Buddhism in Contemporary China

Chinese Buddhist Monk prays over a dead man in Shanxi, China

A Chinese Buddhist monk prays over a dead man in Shanxi, China

There are many faces to Buddhism in China today. But this is surely one of the most astonishing, not only for one gets from seeing a monk praying over and holding the hand of a dead stranger in a public place, but for the faces of the curious onlookers behind him.

What is the story of each of these people? What must their lives be like? And the man who had died?

The monk’s face elicits a sense of calm amidst emotional chaos.

The site that brought the image to my eyes, latitude news, does a good job of giving the back-story to Buddhism in China and the question of widespread apathy growing in this ever more densely packed and materialistic nation. Buddhism has had a very long and varied history in China, ranging from full government sponsorship to contempt and persecution. The cultural revolution of the 1960s and ’70s marked the most recent period of persecution and only recently has the government begun allowing Buddhism to reassert its presence in the public sphere, granted in a very guarded and controlled manner.

But given scenes like this, I can only imagine that Buddhism will continue to grow as a much-needed moral power in a country in great need of just such a force.

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  • Konchog

    Don’t mean to be too negative, but there’s a flip side (isn’t there always?): http://www.buddhistchannel.tv/index.php?id=46,10672,0,0,1,0

    • Justin Whitaker

      Oh – thanks for bringing this to light. No doubt, there usually is some flip side as an old yet nimble religion encounters a rapidly changing society – or should I simply say when (potential) power meets wealth. It reminds me of when I was in a temple in Mandalay, Burma and a ‘kind old monk’ took me under his wing to show me around and talk with me, only to demand $100 at the end. When I offered him less, he yelled at me! My rickshaw driver, a very nice man, simply told me, ‘he’s not a real monk’ and apologized that I had to encounter him. It seems that in both cases, these were not ‘real’ monks – which is itself a touchy matter.

      • T

        Over the years, I’ve concluded that I won’t judge a religion by its worst adherents, but its best. In Catholicism, we have the rich legacies of Mother Teresa and Pope John Paul II as recent examples.

  • http://mumonno.blogspot.com Mumon

    Having been to a few Chinese temples, and spoken with a few of the monks myself, I can tell you that Buddhism is going strong in China. Even at Shaolin-si, despite the commercialization it’s keeping practice going – but it’s much more intense elsewhere, e.g. White Horse Temple.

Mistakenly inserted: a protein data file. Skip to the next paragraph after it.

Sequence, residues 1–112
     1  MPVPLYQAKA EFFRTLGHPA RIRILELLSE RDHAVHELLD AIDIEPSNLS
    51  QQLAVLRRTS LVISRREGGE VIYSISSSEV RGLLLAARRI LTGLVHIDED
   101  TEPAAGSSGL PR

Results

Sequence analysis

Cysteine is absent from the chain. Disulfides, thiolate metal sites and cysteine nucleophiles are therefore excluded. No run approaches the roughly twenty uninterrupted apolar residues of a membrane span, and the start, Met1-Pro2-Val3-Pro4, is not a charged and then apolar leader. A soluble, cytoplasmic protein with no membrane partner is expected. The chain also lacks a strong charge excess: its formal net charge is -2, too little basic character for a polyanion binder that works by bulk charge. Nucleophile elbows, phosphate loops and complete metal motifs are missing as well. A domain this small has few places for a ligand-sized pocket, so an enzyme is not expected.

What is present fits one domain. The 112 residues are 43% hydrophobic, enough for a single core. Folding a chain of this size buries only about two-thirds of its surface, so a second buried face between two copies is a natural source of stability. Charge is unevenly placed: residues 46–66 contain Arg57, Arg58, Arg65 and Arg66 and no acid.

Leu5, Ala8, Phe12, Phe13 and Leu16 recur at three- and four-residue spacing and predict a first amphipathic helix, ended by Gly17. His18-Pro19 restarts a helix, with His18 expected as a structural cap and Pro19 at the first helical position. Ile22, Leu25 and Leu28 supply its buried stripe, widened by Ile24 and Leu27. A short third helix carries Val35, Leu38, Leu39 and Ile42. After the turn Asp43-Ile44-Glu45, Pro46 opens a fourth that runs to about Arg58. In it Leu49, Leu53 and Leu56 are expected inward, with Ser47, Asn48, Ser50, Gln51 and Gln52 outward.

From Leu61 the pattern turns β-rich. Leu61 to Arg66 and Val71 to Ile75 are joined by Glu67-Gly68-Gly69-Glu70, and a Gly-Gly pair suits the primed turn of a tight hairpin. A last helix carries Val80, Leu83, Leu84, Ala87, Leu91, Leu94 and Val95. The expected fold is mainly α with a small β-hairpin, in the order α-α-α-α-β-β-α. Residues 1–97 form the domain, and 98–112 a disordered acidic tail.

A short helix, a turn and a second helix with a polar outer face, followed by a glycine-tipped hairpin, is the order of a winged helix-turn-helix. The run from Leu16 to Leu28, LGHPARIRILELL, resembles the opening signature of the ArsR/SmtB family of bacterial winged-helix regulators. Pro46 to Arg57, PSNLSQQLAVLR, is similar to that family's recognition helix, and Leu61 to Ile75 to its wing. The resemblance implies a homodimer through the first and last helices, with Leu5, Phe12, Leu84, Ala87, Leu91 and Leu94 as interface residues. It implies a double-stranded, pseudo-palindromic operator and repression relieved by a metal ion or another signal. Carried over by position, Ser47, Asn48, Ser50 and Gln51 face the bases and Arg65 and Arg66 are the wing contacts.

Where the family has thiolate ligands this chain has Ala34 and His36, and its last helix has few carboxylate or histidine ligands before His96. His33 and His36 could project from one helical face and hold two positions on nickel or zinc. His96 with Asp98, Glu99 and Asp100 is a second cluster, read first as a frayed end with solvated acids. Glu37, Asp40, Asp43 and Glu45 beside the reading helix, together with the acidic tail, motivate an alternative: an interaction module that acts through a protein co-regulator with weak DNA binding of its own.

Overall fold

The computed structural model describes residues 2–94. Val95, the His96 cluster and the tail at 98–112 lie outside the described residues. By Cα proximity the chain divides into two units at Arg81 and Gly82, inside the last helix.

• Justin Whitaker

      That’s good to hear, Mumon. I only ever hear relatively negative reports about Shaolin monastery. But likewise, those that I visited were in periods of growth – even under the close and often obstructive eye of gov’t officials.

  • http://JodoShinshu reivax argen

    Gasshô. A imagem búdica diz tudo

  • http://www.latitudenews.com Maria

    Hi Justin, thanks so much to linking to our piece at latitudenews.com. Konchog’s point is something that Lin Gu also addresses in his piece about the picture of the monk – as he puts it: “sensationalist media coverage of the lavish lifestyle of some monks soured many people’s view of them.” But this particular monk and his anonymity have sparked something in people’s minds. Lin Gu is a thoughtful commentator on contemporary China. You might also be interested in his piece contrasting how forgiveness is dealt with in the U.S. and in China – http://www.latitudenews.com/story/twenty-years-on-why-onen-american-letter-still-matters-in-china/

  • Jack


    Just want you to know we’ve done an audio follow-up to our previous story at Latitude News. It’s an interview with Lin Gu, the author of the previous article – as a Chinese Buddhist who has traveled the world and dabbled in Christianity, he puts these images into a global context. http://www.latitudenews.com/story/the-image-that-shocked-china/


    • Justin Whitaker

      Many thanks, Jack (and to Maria too) for updating and expanding the conversation. These audio clips are amazing; I STRONGLY urge readers to have a listen – they’re short and to the point, the last one being very personal and relating directly to Buddhism in China today. Keep up the great work, and I look forward to following along as I can.

  • http://www.owenmarcus.com Owen Marcus

    We all can learn from this picture. I’m as guilty as the the onlookers in the photo.

    The beauty and power of Buddhism is its compassion. Thanks for sharing it in action.